The Obama administration has made much – very much indeed – about the supposed savings in health care costs by putting medical records online. Where no laws cover the privacy of those records, one adds. It turns out that insurance companies are already using some online information against those applying for insurance.
Trying to buy health insurance on your own and have gallstones? You’ll automatically be denied coverage. Rheumatoid arthritis? Automatic denial. Severe acne? Probably denied. Do you take metformin, a popular drug for diabetes? Denied. Use the anti-clotting drug Plavix or Seroquel, prescribed for anti-psychotic or sleep problems? Forget about it.
This confidential information on some insurers’ practices is available on the Web — if you know where to look.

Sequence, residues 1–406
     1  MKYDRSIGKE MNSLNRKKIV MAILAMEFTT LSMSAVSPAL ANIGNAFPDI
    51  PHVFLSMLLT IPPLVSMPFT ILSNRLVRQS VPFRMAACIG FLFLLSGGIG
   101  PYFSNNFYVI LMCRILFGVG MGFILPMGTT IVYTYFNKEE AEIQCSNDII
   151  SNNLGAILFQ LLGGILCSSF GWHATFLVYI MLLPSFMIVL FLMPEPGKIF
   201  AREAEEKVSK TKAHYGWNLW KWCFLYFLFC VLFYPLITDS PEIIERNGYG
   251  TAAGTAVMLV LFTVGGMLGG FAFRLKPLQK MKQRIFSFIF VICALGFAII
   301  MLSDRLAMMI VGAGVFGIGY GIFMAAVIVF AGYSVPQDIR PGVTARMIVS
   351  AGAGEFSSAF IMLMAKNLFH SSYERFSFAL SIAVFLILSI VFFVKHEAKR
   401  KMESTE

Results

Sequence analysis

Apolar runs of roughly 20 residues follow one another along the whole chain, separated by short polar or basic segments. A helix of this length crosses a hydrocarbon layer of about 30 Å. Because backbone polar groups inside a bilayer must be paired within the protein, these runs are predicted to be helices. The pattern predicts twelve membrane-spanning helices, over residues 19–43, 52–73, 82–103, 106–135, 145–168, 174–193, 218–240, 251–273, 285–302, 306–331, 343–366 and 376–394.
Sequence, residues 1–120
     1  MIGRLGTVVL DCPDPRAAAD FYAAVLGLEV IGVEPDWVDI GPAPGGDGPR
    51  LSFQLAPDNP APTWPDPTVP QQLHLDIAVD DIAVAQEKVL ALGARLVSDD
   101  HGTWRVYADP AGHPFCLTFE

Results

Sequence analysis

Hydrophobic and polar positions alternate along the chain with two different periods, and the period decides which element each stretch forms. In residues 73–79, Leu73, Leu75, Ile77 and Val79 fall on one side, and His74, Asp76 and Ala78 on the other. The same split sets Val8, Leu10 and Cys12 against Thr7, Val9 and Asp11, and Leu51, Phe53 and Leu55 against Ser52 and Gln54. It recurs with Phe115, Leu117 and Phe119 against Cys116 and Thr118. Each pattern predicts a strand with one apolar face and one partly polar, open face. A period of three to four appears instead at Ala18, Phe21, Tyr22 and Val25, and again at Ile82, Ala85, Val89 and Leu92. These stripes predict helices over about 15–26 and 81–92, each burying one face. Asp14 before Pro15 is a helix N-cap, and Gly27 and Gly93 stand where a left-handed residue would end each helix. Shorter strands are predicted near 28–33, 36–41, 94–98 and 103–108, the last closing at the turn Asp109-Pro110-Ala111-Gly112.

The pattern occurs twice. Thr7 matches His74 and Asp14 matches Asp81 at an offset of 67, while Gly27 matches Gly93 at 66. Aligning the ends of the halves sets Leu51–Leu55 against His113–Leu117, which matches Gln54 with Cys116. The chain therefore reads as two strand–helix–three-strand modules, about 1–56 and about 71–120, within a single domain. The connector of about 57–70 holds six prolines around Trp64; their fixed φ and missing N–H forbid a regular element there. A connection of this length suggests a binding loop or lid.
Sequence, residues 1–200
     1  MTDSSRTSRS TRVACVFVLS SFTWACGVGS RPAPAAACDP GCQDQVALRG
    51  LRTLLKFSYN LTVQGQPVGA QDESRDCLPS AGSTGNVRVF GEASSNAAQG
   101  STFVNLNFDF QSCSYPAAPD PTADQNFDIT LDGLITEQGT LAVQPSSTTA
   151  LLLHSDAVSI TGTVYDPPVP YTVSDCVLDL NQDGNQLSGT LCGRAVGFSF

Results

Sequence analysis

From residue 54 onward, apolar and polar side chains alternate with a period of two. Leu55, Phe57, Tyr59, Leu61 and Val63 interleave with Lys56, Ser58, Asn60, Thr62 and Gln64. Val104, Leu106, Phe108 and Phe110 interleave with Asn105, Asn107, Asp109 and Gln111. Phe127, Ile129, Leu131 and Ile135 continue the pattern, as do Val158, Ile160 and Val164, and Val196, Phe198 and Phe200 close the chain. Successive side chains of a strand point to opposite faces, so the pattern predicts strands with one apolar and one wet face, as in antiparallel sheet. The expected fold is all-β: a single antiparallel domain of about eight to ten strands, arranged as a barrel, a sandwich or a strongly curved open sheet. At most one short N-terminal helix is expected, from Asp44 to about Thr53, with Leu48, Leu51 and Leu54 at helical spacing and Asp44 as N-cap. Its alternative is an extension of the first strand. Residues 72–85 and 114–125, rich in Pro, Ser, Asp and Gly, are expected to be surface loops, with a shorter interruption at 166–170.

What’s more, you can discover that if you lie to an insurer about your medical history and drug use, you will be rejected because data-mining companies sell information to insurers about your health, including detailed usage of prescription drugs. (Emphasis added)
These issues are moving to the forefront as the Obama administration and Congress gear up for discussions about how to reform the healthcare system so that Americans won’t be rejected for insurance.
So, how much do you think will be saved by putting all of your most intimate health details online? If this is going on in the private sector, how much worse will it be when government decides for you who gets treatment?
The quest for “free” health care will end up being very, very expensive.
To our liberty.